What we learned this week on the 2019 Kentucky Derby trail

November 08, 2018 09:05am
We’ve reached the point in the season where the 2019 Kentucky Derby picture is beginning to take shape, and more contenders are validating their chances of stretching out and qualifying to run on the first Saturday in May. We have a long way to go, but now represents a perfect spot on the calendar to pause and highlight what we have learned so far. Here are my top takeaways:

Game Winner was much the best

The chart itself for the Breeders’ Cup Juvenile doesn’t precisely show just how much better Game Winner was than the rest of the field. 

He was bumped a bit as he broke from the starting gate, raced wide all the way around the track, and endured a challenge as Knicks Go veered out and made contact in the stretch. But Game Winner wasn’t fazed as he rolled home to an easy win.  

The undefeated favorite in the Breeders’ Cup Juvenile lived up to expectations, and now the attention turns to the bigger prize, the Kentucky Derby. 

It is still early on the road there for Game Winner. However, after the Breeders’ Cup Juvenile, two things are true: The colt was easily the best in the field, and he likely has already earned enough points to qualify for the Derby.  

Concerning some of Game Winner’s foes in the Breeders’ Cup Juvenile, there were some disappointing efforts, but there are still a few in this race that I expect to see further down the road in the 3-year-old season. Contenders that I anticipate to be in the mix and vying for a spot in the Kentucky Derby starting gate are runner-up Knicks Go, third-place Signalman and Gunmetal Gray, who was fifth but is Grade 1-placed going back two starts.

Contenders that skipped the Juvenile

Only five Breeders’ Cup Juvenile starters have gone on to win the Kentucky Derby:
• 2015    Nyquist, 1st
• 2006    Street Sense, 1st
• 1992    Sea Hero, 7th
• 1986    Alysheba, 3rd 
• 1984    Spend a Buck, 3rd

So, eventual Kentucky Derby winners often don't appear in the championships at age 2. Do most who do crumble before they get to May? Of course, as we saw earlier this year, Justify became the first Derby winner since 1882 to take it having not run at all as a juvenile. In the points era, there are many ways to get a horse into the starting gate and ready to run the Derby.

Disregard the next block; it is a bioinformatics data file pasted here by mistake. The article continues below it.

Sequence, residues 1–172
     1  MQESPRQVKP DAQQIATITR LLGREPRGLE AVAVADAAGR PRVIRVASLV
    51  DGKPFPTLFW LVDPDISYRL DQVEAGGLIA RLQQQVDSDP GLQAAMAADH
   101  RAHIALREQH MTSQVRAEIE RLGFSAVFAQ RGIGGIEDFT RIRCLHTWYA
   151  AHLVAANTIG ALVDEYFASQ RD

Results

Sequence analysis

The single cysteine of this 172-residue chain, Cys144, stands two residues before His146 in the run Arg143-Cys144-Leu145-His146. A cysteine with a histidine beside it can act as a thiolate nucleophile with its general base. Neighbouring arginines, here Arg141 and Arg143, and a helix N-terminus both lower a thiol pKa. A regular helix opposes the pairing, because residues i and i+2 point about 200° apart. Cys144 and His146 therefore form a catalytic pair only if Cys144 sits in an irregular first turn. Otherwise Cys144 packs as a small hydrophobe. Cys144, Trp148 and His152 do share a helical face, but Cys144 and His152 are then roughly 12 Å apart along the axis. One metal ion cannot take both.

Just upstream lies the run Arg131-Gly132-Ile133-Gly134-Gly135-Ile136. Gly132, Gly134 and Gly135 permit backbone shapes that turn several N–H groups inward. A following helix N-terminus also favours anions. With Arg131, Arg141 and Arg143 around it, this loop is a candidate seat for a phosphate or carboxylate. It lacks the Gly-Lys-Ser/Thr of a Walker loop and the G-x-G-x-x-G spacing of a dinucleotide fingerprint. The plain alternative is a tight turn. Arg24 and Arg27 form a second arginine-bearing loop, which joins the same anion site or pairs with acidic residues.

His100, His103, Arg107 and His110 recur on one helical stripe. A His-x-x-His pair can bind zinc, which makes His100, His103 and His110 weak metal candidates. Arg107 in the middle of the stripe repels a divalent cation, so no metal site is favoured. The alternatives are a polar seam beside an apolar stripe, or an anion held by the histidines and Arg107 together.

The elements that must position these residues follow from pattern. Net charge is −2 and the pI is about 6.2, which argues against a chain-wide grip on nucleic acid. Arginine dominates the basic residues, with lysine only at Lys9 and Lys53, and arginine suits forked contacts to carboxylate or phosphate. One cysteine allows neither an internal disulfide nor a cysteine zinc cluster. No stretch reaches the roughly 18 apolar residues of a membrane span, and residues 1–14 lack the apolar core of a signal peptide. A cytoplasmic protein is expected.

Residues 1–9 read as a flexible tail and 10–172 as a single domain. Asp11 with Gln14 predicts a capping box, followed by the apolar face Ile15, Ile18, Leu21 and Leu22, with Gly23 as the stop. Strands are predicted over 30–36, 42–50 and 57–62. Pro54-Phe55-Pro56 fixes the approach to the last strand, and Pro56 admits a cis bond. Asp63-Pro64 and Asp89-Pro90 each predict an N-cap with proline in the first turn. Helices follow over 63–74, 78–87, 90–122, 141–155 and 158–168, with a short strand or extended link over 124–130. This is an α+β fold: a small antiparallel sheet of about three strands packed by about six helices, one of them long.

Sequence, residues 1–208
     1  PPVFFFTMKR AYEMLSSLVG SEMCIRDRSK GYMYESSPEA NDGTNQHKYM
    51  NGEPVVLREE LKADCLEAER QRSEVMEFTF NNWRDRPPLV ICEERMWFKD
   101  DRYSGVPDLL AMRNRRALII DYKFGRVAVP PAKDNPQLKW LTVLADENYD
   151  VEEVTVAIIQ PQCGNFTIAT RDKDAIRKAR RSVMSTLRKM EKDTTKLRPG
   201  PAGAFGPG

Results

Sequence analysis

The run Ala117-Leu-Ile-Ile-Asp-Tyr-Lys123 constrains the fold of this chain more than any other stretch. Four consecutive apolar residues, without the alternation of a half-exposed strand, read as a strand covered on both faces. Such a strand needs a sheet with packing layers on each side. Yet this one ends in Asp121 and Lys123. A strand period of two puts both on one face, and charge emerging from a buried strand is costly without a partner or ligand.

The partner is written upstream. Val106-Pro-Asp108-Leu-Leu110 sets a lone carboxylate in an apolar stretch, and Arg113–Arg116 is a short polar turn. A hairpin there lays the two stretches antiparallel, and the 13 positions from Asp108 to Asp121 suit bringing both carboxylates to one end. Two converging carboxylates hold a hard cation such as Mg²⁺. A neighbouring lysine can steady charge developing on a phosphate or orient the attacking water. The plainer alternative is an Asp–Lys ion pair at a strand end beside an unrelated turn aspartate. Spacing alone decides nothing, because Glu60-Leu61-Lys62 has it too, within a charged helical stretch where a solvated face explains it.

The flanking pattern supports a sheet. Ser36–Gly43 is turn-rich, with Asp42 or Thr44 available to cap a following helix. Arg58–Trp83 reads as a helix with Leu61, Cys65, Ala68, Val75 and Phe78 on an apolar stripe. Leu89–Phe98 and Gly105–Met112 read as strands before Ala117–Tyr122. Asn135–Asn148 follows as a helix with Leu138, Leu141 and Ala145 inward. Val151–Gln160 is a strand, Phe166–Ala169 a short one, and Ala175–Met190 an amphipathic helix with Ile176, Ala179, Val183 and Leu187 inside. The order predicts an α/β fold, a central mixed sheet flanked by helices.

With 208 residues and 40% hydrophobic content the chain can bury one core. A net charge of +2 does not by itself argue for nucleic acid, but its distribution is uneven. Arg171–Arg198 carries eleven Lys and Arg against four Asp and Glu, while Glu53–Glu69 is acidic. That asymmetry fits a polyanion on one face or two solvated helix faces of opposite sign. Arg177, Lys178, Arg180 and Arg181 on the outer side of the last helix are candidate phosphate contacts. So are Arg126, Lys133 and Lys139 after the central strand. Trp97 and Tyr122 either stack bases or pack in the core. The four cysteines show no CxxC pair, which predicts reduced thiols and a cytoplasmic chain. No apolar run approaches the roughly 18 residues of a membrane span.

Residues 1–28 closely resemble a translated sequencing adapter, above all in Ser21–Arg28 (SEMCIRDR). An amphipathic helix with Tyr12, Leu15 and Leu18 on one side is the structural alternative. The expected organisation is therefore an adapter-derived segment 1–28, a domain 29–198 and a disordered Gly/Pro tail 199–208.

Turing our attention to the contenders that we did not see last weekend at Churchill Downs, the list begins with Grade 2 winner Instagrand, Bob Baffert-trained Roadster, Bill Mott's Hopeful runner up, Mucho, and Cairo Cat the Iroquois (G3) winner who missed the Juvenile with a slight setback. Certainly, another Juvenile to keep an eye on is Code of Honor. The son of Noble Mission was originally entered in the Juvenile but scratched after spiking a fever on race day. Keeping this list to 10, others to keep an eye on are Street Stakes winner Improbable, Nashua winner Vekoma, Rowayton, Maximus Mischief and Call Paul.

Bob Baffert has a deep and talented barn

Earlier this year, Baffert showed us the diversity of his barn in the 3-year-old division. Heading into the meat of the Kentucky Derby prep season, McKinzie appeared a prime candidate to become the Hall of Fame trainer’s next Kentucky Derby winner. However, his hopes were dashed due to injury. Fortunately, Baffert had something even better in his barn. Enter Justify.

I won't assume that Baffert is the only trainer with a bunch of talented 2-year-olds, or that he’ll be able to pull off that feat again in 2019, but he appears to be loaded again with the calendar close to turning. We've already mentioned Game Winner, Improbable and Roadster, the latter having missed time to get a throat issue repaired. He should be back to work soon.

Then a few lesser-known hopefuls are off to great starts.The list begins with three juveniles that each won their first career races: Tale of the Union, Mucho Gusto and Magic on Tap. Rounding out some of the late bloomers in Bob Baffert’s barn is Metropol, owned by Peachtree Stable. In October, the son of Shackleford kicked things off in his racing career with a solid score at Santa Anita. Plus, we'll wait to see whether Cruel Intention, the 2-for-2 winner of the Golden State Juvenile Stakes, will to stretch out moving forward.


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About Me

Meet Bryan Brinkmeyer  


Growing up across the river from the Bluegrass State, I was able to spend a lot of summer days at Ellis Park in Henderson, Ky. It was there that my attraction to the Sport of Kings began. In the spring of 2000, I made my inaugural Kentucky Derby appearance, and the tradition continues annually because there is no other city in the racing world like Louisville, Ky., on Derby Day.

Although the story of a Kentucky Derby winner is legendary, a champion's trail is what The Kentucky Derby Post is all about. It begins when 2-year-olds hit the track continues until the field is set, the picks are in, and the roses are awarded. 

Twitter: @thederbypost

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